The Directors Guild of America’s television diversity efforts appear to be bearing fruit, with the percentage of ethnic minority first-time TV helmers more than doubling from 2009-10 to 2016-17 and the percentage of women nearly tripling, according to a report released Wednesday by the guild. Still, the most recent cohort is still about three-quarters (72 percent) Caucasian and two-thirds (68 percent) male.
The DGA also criticized the practice of allowing series stars, writers, producers and crew to direct episodes, since most of them do not go on to helm on other series, according to the study.
“Finally, after years of our efforts to educate the industry, hold employers accountable through our contracts and push them to do better, we’re seeing signs of meaningful improvement,” said DGA president Thomas Schlamme.
The emphasis on first-time directors reflects a DGA desire to make progress that persists into the future.
“It all starts with the pipeline,” said Schlamme. “The hiring decisions employers make today can have enormous impact on the composition of the pool in two years’, five years’, 10 years’ time. Our research shows that when employers actually do the work of being inclusive, they find talented directors who overwhelmingly succeed in establishing longer-term careers.”
The guild has been reporting on diversity in hiring for more than two decades as part of an ongoing campaign to encourage inclusion, and also began issuing a separate annual survey examining trends in first-time hires since 2009.
The eight-year study of first-time hires precedes the DGA’s upcoming annual diversity report on all episodic TV director hiring. The data excludes pilots. Highlights include:
* 56 (or 25 percent of all) first-time hires in the 2016-17 season were ethnic minorities, up from 24 (15 percent) in the 2015-16 season;
* 73 (32 percent) were women — up from 38 (24 percent) the prior season, and 18 (8 percent) were female minorities, up from 6 (3.8 percent);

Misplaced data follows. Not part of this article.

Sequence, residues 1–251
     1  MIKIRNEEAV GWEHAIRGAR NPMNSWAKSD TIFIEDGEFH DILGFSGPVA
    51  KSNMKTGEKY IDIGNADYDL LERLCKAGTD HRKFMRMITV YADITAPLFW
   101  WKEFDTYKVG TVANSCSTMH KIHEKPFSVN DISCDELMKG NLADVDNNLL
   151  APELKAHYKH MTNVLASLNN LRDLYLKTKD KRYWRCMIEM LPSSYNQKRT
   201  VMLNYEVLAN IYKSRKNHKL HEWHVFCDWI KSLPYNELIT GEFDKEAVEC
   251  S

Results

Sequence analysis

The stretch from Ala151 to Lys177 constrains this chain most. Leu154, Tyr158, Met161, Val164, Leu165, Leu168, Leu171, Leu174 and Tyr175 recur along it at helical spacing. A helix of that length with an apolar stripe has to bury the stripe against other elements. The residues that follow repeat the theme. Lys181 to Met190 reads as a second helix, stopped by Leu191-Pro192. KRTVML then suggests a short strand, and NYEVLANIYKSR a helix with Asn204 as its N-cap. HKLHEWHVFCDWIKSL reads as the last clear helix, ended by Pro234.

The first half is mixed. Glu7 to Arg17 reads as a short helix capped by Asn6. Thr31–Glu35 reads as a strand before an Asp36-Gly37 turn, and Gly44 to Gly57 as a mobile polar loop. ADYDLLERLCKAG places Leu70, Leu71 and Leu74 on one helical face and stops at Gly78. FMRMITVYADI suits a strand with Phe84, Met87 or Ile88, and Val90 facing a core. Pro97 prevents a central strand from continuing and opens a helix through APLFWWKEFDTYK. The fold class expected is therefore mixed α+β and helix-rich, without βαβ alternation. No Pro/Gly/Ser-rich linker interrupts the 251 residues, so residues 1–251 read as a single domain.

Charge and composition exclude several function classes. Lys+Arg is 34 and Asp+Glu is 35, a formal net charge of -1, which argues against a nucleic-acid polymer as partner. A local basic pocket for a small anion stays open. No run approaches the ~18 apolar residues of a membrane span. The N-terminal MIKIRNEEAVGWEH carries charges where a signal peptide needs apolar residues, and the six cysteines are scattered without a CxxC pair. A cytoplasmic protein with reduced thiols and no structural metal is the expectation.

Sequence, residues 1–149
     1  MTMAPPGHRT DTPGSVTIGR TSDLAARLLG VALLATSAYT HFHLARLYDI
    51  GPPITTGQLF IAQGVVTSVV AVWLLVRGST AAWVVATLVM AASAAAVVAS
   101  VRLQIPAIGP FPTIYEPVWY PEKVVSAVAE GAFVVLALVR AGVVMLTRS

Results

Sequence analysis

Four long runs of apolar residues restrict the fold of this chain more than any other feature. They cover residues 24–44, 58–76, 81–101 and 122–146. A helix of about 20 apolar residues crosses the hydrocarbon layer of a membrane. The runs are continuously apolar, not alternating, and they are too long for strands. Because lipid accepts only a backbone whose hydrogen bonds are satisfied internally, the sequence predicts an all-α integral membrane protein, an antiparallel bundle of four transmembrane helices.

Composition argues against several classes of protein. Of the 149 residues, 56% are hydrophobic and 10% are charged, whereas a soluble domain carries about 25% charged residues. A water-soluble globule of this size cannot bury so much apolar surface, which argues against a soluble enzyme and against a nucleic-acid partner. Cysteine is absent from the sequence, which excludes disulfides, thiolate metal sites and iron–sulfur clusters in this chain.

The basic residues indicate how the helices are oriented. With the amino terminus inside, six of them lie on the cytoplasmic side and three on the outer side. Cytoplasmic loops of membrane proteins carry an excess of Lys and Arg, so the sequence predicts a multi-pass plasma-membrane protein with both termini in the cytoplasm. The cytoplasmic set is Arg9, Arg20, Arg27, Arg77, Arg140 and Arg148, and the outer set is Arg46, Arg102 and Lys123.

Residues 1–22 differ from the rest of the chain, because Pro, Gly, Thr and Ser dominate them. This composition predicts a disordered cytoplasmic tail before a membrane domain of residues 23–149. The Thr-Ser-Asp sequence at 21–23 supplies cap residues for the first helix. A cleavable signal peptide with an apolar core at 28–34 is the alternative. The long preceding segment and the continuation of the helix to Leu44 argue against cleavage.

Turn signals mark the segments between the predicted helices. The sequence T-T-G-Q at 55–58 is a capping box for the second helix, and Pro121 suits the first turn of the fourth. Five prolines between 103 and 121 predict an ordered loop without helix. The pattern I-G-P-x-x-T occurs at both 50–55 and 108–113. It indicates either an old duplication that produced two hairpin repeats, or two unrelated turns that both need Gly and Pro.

* With respect to males and Caucasians, the percentages were down year-over-year, but the absolute numbers still grew to new highs.
In the 2016-17 season, an all-time high of 225 directors who had never before helmed episodic television under a DGA contract were hired by studios, networks and executive producers — representing a steep 42 percent increase in “freshman” TV directors over the previous season. This increase significantly outpaced the growth in the total volume of TV episodes and represented a 127 percent jump since the 2009-10 season.
“The rapid growth in the proportion of episodes given to first-time TV directors is the result of some factors that are very positive, and others that require further monitoring,” said Schlamme. “On the one hand, we’re delighted to see the jump in first breaks for talented women and minority directors who are building long-term careers. This validates what we’ve advocated for years and demonstrates what’s possible when employers adopt more inclusive hiring practices.”
But he added that the practice of allowing series stars, writers and others to direct episodes was counter-productive to diversity efforts.
“On the other hand, too many of those valued first-time jobs are still being reserved for individuals who work on a series in some other capacity — and as our statistics show, are much less likely to continue a career in directing,” said Schlamme. “If the goal is to feed the pipeline with the directors of the future, it’s important that employers provide the first-time opportunities to those most likely to go on and become career directors.”
That comment flows from the research findings. Of the overall group of 618 first-timers tracked over the report’s eight-year time period, 66 percent (or 407) were “series-affiliated” hires, meaning they were already affiliated with the series for which they were hired, while 28 percent (171) were “career-track directors,” meaning they were unaffiliated with the series but had previously helmed in other categories (e.g., feature films, commercials, other TV categories).
Over the years, just 40 percent of series-affiliated directors went on to work as helmers on other series, while nearly three-quarters of career-track directors (71 percent) did go on to helm episodes on other series.
Interestingly, the most successful career-track directors were women and minorities, with 97 percent of the first-time women directors (28 out of 29) and 85 percent of the minorities (28 out of 33) going on to helm on other series.
The DGA’s diversity efforts over the past 30 years include: collective bargaining gains requiring television studios to operate TV director diversity programs and all first-time TV directors to attend a DGA orientation; ongoing meetings with studios, networks and individual series regarding their hiring records; research reports; and DGA-operated TV director mentorship and educational programs.